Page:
“That’s a language they understand,” said Blondie, who advanced his standard olive drab Grenzie from the jungle to join his squadmates. The CF’s metal hand pointed to each side of the roughly square settlement. “If we position one CF at each side of the perimeter and have them all move in toward the center, we can herd the villagers into that building there.”
Ritter studied the long, warehouse style structure Blondie indicated. Made of whitewashed steel walls running east to west under a peaked wooden roof, the building dominated the prefabricated huts and plywood shacks surrounding it. Colorfully painted panes filled the small windows. Two simple beams intersecting at right angles hung over the double door. It’s a church.
Kopp took only a moment to decide. “Schwarze, keep driving them from the south.” His CF’s left arm swept in a westerly arc, taking in the reichswehr’s other Grenzmark I. “Heinz, move in from the left. Blondie, the right. Ritter, circle around and herd our sheep from the north. I’ll deal with any stragglers.”
Ritter breathed a sigh of relief. As the Black Reichswehr members broke off to fulfill their assigned roles, Ritter’s Grenzie snapped a salute at Blondie’s, which crisply returned it. Intimidating the frightened villagers into taking refuge in their church pricked his conscience, but it beat the alternative. He flinched whenever Kopp’s 110mm machine gun thundered from the surrounding woods.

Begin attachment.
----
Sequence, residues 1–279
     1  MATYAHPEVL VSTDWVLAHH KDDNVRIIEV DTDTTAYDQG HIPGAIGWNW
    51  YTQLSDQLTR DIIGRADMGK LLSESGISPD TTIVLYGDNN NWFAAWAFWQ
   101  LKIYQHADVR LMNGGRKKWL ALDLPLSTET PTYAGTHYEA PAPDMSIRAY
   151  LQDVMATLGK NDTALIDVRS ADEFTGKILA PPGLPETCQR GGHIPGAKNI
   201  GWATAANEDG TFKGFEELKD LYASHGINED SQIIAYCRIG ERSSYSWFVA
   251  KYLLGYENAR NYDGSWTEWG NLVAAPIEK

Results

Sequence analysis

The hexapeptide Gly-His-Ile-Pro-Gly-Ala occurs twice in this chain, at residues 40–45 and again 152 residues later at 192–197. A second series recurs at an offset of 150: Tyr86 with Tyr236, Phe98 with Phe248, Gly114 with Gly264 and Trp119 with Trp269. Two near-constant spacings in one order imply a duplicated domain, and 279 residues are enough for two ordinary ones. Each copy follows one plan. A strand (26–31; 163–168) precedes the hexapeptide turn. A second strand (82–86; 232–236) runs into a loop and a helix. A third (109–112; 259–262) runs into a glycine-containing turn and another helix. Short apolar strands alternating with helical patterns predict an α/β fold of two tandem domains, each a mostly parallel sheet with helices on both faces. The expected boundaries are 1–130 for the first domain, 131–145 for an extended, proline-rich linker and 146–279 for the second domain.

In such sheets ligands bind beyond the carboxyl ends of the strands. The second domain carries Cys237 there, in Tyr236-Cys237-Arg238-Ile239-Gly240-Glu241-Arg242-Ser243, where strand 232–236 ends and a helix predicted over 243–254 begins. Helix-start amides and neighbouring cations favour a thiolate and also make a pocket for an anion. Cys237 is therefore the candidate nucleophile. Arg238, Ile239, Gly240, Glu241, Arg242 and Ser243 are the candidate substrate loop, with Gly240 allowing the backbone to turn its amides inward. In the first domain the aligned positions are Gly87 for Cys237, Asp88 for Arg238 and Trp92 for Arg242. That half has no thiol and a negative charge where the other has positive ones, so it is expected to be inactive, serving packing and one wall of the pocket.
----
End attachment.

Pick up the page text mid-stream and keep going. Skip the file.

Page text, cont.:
“That’s most of them,” Schwarze reported when the Black Reichswehr reconvened in the small unpaved square in front of the packed church. “Or at least enough to let us search this shithole at our leisure.”
“Star searching, then,” said Kopp. “Don’t be bashful. Blondie, Ritter: You stand guard here. If any of these church mice so much as set foot outside, don’t hesitate to make an example.”
Kopp, Schwarze, and Heinz set to their task with gusto, tearing down rickety dwellings and sifting through the wreckage.
Ritter opened his cockpit to the humid, reeking air and turned his CF to face Blondie, who did the same. “Thanks,” Ritter said over the racket of his squadmates ransacking the village.